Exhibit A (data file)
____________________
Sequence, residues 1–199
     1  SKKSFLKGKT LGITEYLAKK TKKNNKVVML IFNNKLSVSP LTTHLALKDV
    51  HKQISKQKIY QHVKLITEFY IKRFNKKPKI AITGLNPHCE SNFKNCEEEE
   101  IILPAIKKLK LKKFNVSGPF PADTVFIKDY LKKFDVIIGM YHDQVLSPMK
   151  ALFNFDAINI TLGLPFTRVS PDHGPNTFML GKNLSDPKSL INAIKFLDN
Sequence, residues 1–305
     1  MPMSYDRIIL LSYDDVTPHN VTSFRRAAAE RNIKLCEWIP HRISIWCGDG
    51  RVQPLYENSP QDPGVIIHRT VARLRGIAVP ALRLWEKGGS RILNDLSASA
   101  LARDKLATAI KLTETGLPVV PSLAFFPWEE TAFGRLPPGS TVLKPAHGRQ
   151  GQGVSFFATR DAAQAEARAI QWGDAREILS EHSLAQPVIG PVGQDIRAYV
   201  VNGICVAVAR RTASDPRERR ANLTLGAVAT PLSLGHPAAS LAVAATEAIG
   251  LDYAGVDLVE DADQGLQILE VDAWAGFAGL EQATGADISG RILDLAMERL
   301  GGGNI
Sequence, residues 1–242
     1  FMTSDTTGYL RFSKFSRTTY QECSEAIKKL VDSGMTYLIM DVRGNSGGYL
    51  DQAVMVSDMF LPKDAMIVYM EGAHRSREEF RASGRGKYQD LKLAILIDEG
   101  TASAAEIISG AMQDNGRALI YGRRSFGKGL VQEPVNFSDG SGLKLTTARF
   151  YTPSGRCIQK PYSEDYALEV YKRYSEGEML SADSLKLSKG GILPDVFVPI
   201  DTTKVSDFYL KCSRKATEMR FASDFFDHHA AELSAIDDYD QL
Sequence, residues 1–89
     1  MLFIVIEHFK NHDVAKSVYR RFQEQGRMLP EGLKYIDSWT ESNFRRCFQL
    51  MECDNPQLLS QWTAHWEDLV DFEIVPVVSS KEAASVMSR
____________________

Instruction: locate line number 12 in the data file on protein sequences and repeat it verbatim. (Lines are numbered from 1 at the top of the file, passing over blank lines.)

   251  LDYAGVDLVE DADQGLQILE VDAWAGFAGL EQATGADISG RILDLAMERL